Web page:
It is not my intention to go on at tiresome length, but your last post has opened so many doors to the winds of unreason that I can't resist running from room to room trying to settle things down. You seem to have taken particular offense at my imputing self-deception and/or dishonesty to the faithful. I make no apologies for this. One of the greatest problems with religion is that it is built, to a remarkable degree, upon lies. Mommy claims to know that Granny went straight to heaven after she died. But Mommy doesn't actually know this. The truth is that, while Mommy may be rigorously honest on any other subject, in this instance she doesn't want to distinguish between what she really knows (i.e. what she has good reasons to believe) and 1) what she wants to be true, or 2) what will keep her children from grieving too much in Granny's absence. She is lying--either to herself or to her children--but we've all agreed not to talk about it. Rather than teach our children to grieve, we teach them to lie to themselves.

Fantastic stuff.


Julia Sweeney's "17 Books I Read Along the Way.."

Here is a list of the 17 books Julia Sweeney read as she started to deeply question her religious upbringing.

The "along the way" part is summed up in a one-woman monologue, which is excellent.

I was extremely happy to see Sagan's Demon-Haunted World on the list.

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The Counsels of Defeat

Jan. 31st, 2007 | 03:08 am

One of the greatest hooks almost ever (surviving) religion has is that of eternal life.  The idea that we keep on trucking after our bodies have died, and seemingly our consciousness as well.

This hook applies less well to some people, myself included, because we don't accept that death is an absolute certainty.  In the past this was true, but times are different now.  Our expanded knowledge of how reality works not only lets us have refridgeration and 500 television channels, but the basic workings of human biology will soon be revealed to us.  Death is a serious disease, and soon we will have the cure.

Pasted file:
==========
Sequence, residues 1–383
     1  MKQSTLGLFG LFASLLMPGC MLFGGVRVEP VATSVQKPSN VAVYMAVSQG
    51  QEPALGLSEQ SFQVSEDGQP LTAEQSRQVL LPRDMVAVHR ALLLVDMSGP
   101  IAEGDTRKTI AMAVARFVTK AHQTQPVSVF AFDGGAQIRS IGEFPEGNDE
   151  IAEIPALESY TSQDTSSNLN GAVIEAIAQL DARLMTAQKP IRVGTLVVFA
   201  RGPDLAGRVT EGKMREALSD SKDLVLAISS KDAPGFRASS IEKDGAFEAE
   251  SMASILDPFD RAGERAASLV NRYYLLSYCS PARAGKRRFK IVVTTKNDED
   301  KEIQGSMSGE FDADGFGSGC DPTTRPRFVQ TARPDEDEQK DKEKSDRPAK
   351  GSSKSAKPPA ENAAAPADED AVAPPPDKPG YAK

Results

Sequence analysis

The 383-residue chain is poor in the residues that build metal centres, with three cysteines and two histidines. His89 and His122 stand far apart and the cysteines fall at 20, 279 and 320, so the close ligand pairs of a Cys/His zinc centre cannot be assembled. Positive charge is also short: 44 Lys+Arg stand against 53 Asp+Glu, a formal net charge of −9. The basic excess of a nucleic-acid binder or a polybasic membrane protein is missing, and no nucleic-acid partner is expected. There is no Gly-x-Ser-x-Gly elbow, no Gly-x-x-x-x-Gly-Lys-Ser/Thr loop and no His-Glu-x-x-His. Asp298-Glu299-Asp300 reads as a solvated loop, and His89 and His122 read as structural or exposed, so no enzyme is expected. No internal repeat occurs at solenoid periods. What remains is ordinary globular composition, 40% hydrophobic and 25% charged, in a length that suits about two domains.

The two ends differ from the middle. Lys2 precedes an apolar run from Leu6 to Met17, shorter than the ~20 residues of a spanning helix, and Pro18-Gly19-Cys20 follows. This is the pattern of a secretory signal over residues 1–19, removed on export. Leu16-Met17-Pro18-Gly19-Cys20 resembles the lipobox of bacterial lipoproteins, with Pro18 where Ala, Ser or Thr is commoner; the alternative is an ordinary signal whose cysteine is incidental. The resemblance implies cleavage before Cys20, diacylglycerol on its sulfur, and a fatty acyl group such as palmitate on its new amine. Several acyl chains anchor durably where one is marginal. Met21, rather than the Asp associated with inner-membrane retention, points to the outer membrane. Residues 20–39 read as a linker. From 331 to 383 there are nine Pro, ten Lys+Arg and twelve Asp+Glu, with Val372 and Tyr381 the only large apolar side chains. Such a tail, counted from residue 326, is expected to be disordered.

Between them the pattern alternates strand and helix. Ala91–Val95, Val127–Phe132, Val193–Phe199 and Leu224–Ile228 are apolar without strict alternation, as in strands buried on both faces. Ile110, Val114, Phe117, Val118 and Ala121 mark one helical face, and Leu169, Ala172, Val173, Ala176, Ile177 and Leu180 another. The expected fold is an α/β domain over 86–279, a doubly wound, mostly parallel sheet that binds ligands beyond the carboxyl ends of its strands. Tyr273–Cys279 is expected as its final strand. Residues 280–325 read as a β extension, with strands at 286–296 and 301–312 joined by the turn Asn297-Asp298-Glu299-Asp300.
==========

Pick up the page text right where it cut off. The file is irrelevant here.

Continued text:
Ask yourself what will become of most of the worlds religions once we do conquer death?(presupposing that religion doesn't topple our civilization first)  Many people persist in their belief out of the desire to take part of heaven "just in case" their particular belief system turns out to be the right one.  What if there was no end of consciousness to worry about?

Here is a few snippits from this wonderful blog I read today, you can find the whole post Here



Andrew Sullivan today quotes Leszek Kolakowski on the counsels of defeat:

Religion is man's way of accepting life as an inevitable defeat. That it is not an inevitable defeat is a claim that cannot be defended in good faith... One can accept life, and accept it, at the same time, as a defeat only if... ne accepts the order of the sacred."

I categorically reject such counsels of defeat and despair. I reject a retreat into delusion and lies in the face of death. I pity those without the imagination to contemplate victory. And I'm filled with disgust at those traitors to the human spirit who would undermine our chance of victory to justify their cowardice.

The hundred millennia and more of all of human existence is a merely a blink of the eye in the age of the universe. In that short time, the blind uncaring forces of evolution have shaped us, and we have shaped the tools--language, art, technology and science--to make ourselves as great as we can imagine ourselves to be. We can surpass any limitation, overcome any obstacle, and achieve any victory--even over death itself--but only if imagination does not fail us.

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Stonehenge News

Jan. 31st, 2007 | 02:06 am

Ancient Village Sheds Light on Stonehenge
AP WASHINGTON (Jan. 30) - A village of small houses that may have sheltered the builders of the mysterious Stonehenge - or people attending festivals there - has been found by archaeologists studying the stone circle in England. Eight of the houses, with central hearths, have been excavated, and there may be as many as 25 of them, Mike Parker Pearson said Tuesday at a briefing organized by the National Geographic Society.